From someone who has seen and lived, obviously, more dance than the average person, it's easy for me to see that, as of late, competitions are won or lost based on the use of a series of formulas to ensure the following criteria: the cleaner- the better, the more distracting the costumes - the better, the more obvious the story - the better, the more props and gimmicks - the better. It's funny to me, what that means to me is "the least amount of dancing - the better". A current trend has choreographers placing twenty dancers on stage to dance back-up for a soloist who, alone, executes all of the real dancing. I suppose from a completely competitive standpoint I understand the thought process; only one dancer has the opportunity to screw it up and, if and when he/she does, nobody knows it. The core dancers' movement is so simple the dance is excessively easy to clean, so the overall appearance is good which, in turn, has a lot to do with a dance being successful at competition. These formulas consistently work to win competitions, but fall short when it comes down to fulfilling our obligation to all of our dancers and parents (who give up their lives for us) to give them the opportunity to become the best individuals they can possibly be.
I suppose that, in some ways, dancing back up to a soloist is very realistic in terms of what a dancer can expect when they become a professional. Here's the caveat - these kids aren't professionals yet! At this stage in their lives, as dance educators we’re supposed to be giving all of them the opportunity to be all they can be, aren't we? I wouldn't be able to sleep at night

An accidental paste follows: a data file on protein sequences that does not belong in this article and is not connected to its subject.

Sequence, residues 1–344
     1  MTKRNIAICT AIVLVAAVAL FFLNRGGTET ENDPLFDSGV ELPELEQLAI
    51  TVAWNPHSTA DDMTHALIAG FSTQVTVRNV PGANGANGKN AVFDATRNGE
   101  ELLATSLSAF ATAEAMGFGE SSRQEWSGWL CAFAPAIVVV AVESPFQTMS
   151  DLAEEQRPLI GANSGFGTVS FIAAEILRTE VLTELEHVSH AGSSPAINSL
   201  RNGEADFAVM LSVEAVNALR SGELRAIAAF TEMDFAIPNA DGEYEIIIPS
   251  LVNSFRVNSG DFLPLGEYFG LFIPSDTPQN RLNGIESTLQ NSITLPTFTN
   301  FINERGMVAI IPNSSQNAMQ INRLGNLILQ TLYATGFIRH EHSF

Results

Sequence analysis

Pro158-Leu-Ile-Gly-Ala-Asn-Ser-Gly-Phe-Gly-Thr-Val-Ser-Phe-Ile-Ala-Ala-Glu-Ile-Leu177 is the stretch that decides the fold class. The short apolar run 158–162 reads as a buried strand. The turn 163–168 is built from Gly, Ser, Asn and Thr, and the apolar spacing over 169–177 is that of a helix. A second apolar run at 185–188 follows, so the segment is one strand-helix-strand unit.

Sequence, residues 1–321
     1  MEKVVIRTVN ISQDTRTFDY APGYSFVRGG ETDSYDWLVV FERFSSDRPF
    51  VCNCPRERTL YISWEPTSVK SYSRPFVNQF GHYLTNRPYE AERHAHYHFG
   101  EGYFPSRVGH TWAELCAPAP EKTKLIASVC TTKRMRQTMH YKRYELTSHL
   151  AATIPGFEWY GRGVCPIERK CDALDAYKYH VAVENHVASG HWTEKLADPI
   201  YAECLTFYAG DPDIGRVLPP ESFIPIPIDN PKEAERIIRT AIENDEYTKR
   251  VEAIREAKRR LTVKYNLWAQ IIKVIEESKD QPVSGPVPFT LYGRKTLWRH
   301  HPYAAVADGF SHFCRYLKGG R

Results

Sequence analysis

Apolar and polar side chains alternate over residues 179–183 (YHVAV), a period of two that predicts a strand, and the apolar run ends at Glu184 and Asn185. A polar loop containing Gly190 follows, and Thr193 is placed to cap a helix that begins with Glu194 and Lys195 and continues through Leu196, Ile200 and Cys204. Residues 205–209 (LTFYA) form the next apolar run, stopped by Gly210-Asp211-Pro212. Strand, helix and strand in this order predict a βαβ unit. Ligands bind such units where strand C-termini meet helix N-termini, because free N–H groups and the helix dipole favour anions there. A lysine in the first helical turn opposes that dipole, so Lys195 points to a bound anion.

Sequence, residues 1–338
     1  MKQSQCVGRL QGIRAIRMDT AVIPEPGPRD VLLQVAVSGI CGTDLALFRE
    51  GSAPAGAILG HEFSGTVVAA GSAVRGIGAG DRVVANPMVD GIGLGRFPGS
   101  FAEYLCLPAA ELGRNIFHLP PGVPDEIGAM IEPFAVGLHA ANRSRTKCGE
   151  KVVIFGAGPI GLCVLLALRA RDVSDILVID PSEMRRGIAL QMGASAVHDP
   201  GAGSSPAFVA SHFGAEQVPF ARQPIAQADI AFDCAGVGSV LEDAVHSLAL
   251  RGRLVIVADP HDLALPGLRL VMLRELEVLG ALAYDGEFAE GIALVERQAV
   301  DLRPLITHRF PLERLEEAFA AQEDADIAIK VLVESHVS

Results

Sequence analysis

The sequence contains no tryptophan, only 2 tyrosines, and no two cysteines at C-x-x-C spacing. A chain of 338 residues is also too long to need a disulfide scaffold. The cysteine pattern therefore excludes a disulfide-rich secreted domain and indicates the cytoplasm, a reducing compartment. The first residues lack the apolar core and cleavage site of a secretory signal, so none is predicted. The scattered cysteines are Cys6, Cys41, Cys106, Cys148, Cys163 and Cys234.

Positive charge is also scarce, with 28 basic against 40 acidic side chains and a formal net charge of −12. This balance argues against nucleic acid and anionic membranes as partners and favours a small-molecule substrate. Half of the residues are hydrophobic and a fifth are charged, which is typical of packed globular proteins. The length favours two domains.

knowing that I'd only given one dancer an opportunity to actually shine, allowing everyone else to work below their potential in an effort to showcase the soloist and my studio. We are constantly striving to provide each dancer with as many opportunities and challenges as possible. Only then does the studio operate as a true team of individuals. And yes, the kids need to learn to “take one for the team”, but they also need to be trained to be frontrunners and leaders. If we don’t do all of this for every single dancer, we’re failing in our mission and obligation to them.
To sum it up, as professionals, allowing our clients to think that competition wins are indicative of becoming successful professional dancers and individuals is just plain irresponsible. Do you think a Broadway producer cared how many times I won at competition? Heck no! Now, as a studio owner, I understand why. True story: I got a teacher resume in the mail two weeks ago, in the "experience" column the individual had a lengthy list of her competition wins and titles. I couldn't help but chuckle as I put the completely subjective list of experience through the shredder.
A lifetime in dance is a lifetime of auditions - a dancer isn't measured by what they have done, but what they can do. At Sweatshop, our dancers will constantly be expanding their horizons so they have the best opportunity to succeed we, as the strongest team of dance professionals around, can provide them. Sweatshop knows that true dance is never about
Congratulations to all dancers who participated in the West Coast Dance Explosion Convention/Competition this weekend. All of the studios did a great job, but I am especially proud of Sweatshop's Assembly Line dancers. Our first event as a new studio, the dancers' performances in class and on stage far exceeded my expectations. Knowing that the values and training we strive to instill in our dancers makes them standouts is ultimately the most rewarding experience I've ever had. Opening a studio was realizing a dream, I imagined how this debut would feel, but never really knew what to expect. It's been a lifelong journey getting to this point and, like many in life, the experience seemed over before it began and I wish I could've relished the moments longer...but it's over. The build up was so much work, the high of the weekend so high, I'm left emotionally and physically drained like I've never been before. I sat in my living room this evening, a place I have barely seen in the past eight months, and felt completely lost. I looked around and thought "Ok, wow, I did it, but where do I go from here?" Contemplating my way through a maze of scattered ideas, it wasn't long before I drifted to sleep. Though I don't recall ever having reached a conclusion, when I awoke the answer to my question seemed obvious: "What do you mean, 'where do you go from here'!? You've only just begun and you have a blog to write, get to work!"